Historical narrative commonly involves both description and explanation. The nature of the information available to historians gives rise to problems that seldom appear in other disciplines. For example, it is not possible, given the nature of historical data, to conduct controlled experiments to resolve uncertainties concerning the cause of a given event. It is normally the case that the concept of negative and positive feedback is a more appropriate framework for this purpose than causation. Such a framework can be used in discussing the interplay of demographic behavior, urban growth, and occupational change in facilitating England's escape from the constraints suffered by all organic economies. Comparison of the contrast in this regard between England and continental Europe helps to clarify the nature of the divergence between the island and the continent over a period of 300 years, from the mid-sixteenth to the mid-nineteenth century.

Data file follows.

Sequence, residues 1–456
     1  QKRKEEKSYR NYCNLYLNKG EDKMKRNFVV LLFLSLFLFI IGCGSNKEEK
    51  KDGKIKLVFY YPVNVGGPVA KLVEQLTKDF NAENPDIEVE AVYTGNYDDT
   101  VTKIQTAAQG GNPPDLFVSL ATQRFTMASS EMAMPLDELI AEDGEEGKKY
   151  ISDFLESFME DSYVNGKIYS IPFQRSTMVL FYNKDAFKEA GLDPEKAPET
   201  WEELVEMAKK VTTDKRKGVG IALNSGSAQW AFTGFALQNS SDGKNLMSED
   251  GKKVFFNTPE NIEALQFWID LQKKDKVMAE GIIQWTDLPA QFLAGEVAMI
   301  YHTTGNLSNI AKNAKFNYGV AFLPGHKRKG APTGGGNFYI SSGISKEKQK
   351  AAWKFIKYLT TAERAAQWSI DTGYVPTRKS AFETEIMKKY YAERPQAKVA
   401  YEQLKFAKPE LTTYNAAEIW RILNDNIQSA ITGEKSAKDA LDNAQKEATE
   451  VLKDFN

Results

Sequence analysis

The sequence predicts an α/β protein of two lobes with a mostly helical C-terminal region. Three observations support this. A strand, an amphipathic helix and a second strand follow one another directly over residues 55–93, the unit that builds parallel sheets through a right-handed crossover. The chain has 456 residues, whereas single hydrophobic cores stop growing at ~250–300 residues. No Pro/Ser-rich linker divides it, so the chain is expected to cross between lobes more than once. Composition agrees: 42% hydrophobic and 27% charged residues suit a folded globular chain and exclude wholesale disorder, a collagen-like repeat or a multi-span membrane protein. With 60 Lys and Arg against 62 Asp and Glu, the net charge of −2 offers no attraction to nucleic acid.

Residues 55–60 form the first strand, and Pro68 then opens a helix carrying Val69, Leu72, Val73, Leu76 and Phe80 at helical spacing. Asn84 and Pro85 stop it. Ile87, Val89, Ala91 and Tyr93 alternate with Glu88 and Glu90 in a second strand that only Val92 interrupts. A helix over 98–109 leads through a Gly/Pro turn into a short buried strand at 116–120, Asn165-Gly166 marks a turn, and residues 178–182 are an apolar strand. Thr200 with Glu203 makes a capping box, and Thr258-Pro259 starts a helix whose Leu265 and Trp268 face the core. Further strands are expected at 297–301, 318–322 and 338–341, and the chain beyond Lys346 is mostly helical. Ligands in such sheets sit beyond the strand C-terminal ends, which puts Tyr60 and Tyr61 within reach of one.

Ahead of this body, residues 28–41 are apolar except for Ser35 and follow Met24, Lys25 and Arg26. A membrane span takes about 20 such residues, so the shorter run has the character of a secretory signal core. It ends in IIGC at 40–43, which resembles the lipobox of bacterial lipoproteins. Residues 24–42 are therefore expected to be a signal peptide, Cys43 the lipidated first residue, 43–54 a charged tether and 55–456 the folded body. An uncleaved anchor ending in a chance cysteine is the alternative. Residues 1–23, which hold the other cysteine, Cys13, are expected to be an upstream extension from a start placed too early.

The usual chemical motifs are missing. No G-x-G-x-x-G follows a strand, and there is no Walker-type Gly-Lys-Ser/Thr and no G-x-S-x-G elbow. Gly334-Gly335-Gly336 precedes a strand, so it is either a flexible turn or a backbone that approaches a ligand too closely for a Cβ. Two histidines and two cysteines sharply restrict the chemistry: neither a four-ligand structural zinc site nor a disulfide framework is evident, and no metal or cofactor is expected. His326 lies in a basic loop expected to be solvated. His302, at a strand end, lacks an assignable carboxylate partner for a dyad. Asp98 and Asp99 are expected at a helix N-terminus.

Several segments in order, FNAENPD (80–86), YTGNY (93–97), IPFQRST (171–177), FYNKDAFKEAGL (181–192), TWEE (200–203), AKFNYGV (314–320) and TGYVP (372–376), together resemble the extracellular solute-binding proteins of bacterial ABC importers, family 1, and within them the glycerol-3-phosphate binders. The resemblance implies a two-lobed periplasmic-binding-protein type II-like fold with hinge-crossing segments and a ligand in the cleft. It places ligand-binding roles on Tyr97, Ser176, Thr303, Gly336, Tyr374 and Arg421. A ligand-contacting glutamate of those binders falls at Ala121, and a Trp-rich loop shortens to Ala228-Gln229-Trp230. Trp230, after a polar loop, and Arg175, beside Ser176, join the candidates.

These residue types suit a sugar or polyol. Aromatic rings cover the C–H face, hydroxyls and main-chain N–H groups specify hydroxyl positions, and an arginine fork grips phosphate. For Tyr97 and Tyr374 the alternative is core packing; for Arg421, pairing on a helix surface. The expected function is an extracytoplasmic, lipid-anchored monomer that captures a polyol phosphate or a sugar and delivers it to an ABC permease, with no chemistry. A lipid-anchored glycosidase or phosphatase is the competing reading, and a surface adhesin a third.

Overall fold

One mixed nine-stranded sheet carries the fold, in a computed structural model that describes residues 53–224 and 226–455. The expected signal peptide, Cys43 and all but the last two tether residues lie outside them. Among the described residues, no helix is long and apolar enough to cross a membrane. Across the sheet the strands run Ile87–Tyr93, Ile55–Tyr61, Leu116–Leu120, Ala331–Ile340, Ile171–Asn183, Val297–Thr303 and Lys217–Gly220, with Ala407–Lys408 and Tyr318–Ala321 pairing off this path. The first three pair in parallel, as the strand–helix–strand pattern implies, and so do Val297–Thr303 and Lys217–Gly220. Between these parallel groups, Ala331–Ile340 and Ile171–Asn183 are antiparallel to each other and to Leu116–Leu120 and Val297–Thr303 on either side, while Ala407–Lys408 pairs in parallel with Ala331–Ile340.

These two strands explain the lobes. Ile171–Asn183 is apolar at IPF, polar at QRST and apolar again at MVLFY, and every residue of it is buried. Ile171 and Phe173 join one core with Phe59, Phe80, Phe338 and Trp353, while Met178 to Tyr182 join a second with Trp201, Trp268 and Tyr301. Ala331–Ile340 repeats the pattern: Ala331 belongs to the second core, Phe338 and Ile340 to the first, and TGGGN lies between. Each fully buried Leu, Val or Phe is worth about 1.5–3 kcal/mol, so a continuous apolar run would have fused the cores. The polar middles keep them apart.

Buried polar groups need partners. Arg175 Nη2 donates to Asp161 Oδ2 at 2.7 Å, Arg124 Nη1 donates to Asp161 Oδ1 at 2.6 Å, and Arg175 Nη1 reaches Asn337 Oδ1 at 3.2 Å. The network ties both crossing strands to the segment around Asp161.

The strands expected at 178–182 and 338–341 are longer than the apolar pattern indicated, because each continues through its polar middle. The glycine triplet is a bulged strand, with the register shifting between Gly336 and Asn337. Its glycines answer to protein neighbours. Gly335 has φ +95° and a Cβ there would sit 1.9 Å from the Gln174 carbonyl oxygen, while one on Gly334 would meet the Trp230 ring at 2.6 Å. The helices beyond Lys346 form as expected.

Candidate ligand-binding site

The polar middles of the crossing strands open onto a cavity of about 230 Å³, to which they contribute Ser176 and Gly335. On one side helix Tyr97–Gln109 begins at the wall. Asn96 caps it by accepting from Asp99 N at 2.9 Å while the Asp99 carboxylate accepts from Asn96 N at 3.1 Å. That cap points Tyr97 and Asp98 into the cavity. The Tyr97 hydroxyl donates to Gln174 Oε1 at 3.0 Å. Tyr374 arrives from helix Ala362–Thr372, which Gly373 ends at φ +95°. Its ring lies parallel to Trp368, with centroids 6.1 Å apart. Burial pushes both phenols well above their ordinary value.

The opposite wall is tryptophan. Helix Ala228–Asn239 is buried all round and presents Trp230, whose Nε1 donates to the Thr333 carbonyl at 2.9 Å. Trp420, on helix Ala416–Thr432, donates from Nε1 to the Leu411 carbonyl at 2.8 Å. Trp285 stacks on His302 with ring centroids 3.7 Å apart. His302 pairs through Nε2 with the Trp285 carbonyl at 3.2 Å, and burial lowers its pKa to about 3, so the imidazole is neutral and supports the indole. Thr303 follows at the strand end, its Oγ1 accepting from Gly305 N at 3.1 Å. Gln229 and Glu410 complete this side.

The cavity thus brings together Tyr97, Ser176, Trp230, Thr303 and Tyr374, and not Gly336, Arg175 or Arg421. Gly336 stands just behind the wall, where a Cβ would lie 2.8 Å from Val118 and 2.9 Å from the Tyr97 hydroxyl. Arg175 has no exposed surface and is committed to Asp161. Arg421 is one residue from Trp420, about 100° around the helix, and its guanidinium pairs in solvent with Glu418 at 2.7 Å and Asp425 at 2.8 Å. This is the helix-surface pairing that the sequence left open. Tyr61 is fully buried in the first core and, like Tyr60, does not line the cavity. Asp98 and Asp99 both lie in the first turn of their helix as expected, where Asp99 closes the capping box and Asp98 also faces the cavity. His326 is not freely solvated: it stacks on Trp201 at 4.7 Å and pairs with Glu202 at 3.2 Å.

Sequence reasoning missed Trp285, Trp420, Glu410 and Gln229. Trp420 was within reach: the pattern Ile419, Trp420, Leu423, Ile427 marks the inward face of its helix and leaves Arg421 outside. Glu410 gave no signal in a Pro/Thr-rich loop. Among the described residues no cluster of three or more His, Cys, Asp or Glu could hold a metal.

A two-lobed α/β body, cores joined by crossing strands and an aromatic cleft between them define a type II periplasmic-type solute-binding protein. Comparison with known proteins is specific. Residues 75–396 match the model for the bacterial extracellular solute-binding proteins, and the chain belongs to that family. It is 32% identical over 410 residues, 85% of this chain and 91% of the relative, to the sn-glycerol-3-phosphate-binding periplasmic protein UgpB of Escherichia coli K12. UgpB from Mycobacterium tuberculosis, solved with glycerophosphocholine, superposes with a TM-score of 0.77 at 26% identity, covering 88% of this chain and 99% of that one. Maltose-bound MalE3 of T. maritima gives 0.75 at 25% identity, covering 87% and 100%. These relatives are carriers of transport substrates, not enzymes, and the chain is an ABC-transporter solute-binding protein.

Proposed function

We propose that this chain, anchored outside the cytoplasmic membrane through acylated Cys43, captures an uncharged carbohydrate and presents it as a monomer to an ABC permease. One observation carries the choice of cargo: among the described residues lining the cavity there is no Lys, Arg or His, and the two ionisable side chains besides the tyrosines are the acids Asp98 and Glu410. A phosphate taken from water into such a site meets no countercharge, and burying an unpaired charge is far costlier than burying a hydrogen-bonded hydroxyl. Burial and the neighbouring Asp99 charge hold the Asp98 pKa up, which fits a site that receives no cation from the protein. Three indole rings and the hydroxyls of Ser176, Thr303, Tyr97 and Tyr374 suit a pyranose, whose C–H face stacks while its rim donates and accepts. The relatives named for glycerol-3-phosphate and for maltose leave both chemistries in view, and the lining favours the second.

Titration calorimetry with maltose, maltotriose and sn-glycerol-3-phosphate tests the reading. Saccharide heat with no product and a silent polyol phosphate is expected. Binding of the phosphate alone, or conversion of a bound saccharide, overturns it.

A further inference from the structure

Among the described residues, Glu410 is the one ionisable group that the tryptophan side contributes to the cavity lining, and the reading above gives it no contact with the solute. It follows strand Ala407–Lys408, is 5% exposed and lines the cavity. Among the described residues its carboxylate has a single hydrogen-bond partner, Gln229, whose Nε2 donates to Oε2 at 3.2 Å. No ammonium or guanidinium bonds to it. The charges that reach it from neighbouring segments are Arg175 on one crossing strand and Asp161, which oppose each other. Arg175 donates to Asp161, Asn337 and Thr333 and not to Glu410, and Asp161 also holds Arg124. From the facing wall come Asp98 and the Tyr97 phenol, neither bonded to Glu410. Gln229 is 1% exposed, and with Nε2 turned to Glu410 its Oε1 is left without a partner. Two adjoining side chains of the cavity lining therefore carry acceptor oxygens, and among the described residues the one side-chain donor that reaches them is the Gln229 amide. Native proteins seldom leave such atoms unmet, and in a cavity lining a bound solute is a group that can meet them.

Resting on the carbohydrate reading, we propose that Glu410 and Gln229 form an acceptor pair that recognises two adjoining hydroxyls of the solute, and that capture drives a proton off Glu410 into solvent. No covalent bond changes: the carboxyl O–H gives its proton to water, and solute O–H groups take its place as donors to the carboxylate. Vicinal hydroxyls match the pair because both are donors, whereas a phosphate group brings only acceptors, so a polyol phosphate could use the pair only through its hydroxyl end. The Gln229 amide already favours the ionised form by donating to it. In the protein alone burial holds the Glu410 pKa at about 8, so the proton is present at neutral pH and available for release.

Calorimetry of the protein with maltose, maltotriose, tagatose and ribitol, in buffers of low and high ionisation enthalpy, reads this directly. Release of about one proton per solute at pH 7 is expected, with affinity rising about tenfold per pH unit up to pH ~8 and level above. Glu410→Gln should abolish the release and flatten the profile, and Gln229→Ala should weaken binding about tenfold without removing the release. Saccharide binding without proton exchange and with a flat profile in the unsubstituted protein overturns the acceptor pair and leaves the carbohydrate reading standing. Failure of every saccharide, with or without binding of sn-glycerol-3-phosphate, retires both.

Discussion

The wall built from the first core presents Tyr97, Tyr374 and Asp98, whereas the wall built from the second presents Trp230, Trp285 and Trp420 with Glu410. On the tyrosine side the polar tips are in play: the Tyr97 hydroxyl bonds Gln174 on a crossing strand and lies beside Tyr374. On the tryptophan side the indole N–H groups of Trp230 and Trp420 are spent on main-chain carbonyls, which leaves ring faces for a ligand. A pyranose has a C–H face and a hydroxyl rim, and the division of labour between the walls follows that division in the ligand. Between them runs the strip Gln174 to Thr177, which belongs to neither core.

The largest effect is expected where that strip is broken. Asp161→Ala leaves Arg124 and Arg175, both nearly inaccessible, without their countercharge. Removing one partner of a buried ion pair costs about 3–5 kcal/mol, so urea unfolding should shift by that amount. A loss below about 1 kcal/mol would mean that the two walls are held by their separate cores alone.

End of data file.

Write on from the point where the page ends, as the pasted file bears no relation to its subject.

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pp. 495-515
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